Las Vegas Sun

November 22, 2017

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Sun Youth Forum:

Forum gives students outlet to debate issues

Metro police — like the U.S. government, teachers and administrators, parents, students, the media, society and the world — came under scrutiny by what many considered Clark County’s best and brightest students Tuesday as 700 youth gathered at Cashman Field Center for the 33rd annual SUN Youth Forum.

High school juniors and seniors debated, among so many other topics, their relations with the Las Vegas Metro Police.

“I think cops stereotype teenagers more than we stereotype them,” Angie Calvin, a junior at Clark, told fellow students. “They see us, and they automatically assume we’re smoking, we’re drinking, we’re doing something bad.”

Many nodded in agreement. Others complained about unwarranted searches of their cars, belongings and persons.

“They shouldn’t do it unless their suspicions are reasonably aroused,” Chaparral High’s Kaerensa Craft argued in charging that some searches are conducted on trumped-up beliefs.

“Don’t we have constitutional rights?” offered an angry Paul Darling, a Western High senior.

Yes, teenagers have rights, U.S. District Judge Phillip Pro assured them.

Then this twist: “Do teenagers harass cops?” asked Doni-Kae Empey, a senior at Southern Nevada Vocational Technical Center. Students bad-mouth the police as often as the police verbally abuse Las Vegas youths, she suggested.

Gorman High School student Bryan O’Reilly countered that if police want the respect of students, they should get it the old fashion way: By earning it.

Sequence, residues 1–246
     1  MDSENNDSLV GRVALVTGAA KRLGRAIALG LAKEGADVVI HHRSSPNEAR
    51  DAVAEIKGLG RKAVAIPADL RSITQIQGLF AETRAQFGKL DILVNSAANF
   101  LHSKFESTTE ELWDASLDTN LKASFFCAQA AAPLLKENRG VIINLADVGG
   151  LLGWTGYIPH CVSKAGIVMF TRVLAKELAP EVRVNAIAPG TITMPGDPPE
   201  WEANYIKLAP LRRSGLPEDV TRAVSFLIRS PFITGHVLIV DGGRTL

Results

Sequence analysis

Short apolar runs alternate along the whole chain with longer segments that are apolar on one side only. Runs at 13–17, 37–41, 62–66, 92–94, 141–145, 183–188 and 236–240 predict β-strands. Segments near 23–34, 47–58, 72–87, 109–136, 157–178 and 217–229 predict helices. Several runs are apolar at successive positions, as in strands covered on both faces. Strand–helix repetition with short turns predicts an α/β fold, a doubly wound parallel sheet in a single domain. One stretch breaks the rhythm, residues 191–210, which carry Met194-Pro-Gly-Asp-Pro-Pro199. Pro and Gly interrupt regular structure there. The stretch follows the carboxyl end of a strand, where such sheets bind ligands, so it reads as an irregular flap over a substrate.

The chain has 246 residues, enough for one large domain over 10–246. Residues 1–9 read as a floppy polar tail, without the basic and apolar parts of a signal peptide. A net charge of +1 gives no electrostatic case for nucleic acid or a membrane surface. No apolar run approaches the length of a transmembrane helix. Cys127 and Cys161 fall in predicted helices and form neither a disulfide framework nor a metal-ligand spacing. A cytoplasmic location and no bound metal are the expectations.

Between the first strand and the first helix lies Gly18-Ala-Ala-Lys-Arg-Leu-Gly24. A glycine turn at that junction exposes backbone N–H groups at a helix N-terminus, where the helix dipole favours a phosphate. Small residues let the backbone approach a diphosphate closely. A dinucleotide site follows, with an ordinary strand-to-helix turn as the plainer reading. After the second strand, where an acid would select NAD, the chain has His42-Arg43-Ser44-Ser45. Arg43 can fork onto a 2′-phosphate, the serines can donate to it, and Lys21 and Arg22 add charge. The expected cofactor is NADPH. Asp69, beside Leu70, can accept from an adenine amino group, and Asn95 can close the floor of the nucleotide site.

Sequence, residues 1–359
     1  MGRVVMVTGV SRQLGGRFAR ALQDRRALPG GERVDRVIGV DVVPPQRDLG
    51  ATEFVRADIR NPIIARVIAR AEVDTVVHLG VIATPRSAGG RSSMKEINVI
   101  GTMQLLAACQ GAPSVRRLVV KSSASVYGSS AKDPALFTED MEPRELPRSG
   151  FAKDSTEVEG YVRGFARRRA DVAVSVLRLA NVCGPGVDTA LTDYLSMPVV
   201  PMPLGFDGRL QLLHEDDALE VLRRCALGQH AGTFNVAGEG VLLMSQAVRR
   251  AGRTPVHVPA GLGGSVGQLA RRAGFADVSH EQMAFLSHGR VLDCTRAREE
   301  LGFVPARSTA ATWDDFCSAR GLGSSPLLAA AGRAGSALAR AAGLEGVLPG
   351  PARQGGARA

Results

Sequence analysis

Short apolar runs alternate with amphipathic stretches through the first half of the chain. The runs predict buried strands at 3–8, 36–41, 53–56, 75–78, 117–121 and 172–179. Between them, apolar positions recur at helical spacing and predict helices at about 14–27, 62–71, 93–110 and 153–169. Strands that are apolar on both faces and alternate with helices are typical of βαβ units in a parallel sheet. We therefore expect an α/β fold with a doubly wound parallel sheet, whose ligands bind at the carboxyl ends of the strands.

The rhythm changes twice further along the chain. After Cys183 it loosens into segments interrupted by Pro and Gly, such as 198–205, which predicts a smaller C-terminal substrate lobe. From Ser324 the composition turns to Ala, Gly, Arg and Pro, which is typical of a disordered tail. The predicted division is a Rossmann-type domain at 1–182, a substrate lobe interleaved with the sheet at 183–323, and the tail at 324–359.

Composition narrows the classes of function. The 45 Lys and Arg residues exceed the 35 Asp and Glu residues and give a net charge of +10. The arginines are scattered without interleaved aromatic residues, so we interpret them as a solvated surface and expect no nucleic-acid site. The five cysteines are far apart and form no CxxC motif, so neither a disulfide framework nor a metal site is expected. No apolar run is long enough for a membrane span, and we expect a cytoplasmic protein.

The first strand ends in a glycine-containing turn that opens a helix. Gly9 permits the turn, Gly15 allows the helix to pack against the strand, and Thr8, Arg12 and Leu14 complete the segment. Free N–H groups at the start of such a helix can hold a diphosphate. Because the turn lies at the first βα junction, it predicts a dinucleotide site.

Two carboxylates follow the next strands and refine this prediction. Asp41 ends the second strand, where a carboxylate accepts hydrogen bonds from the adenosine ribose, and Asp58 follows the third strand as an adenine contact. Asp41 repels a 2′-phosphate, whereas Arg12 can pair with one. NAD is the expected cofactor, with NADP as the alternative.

He added that sensitivity training would not be a bad idea, either. UNLV president Robert Maxson, one of the 14 discussion moderators, came away convinced that the students displayed “a good healthy dose of idealism” and “social consciousness.”

“They showed concern for people who can’t help themselves,” Maxson said. “I do think the kids are smarter than past generations.”

Others expressed doubt.

During a group discussion about AIDS, a student noted that the deadly disease can be transmitted using a toothbrush or a razor previously used by an afflicted person. No one challenged that assumption, even though the U.S. surgeon general disagrees and there is no medical evidence to support that notion.

Moderator Tom Biggar, an attorney, said that although it should have been challenged, he did not think it was “a flaw” reflection of “the education system.”

On the contrary, he said the system has responded well. In some instances, students were challenged on various notions — like the girls who challenged a student who claimed AIDS was an exclusively “gay” disease.

AIDS did not appear to be a great concern among high school students in Biggar’s group, although Valley High ’s Jenny Rachiel said “it will be” as the epidemic spreads.

The students said the No. 1 problem in high school is alcohol consumption, noting all the accidents, trouble and deaths that result. Drug usage is less of a problem, they said, and some students called for legalization.

Biggar said he was most surprised by the “whole-hearted support” students gave to the idea that employers should be required by law to provide paid paternity leave for a “few weeks.”

In another group discussion, most students seemed to support Communist China, despite America’s commitment to Taiwan. Bonanza High student Brad Simpson agreed saying it will be a “tremendous advantage for us, both politically and economically,” especially if China develops into a major economic power, as some foresee.

Many students expressed deep concern for the missing U.S. soldiers they believe are still living in Southeast Asia, despite our departure from Vietnam more than a decade ago.

“Until we can get concrete evidence of the existence of POWs, I don’t think politically we’re ever going to get those people out,” Simpsom said. “The U.S. government is kind of embarrassed about that part of history.”

But, said student Kayann Black, “If enough pressure is brought against the U.S. government, something will happen.”

Offered another student: “How do we know the government isn’t doing something” already in a clandestine fashion?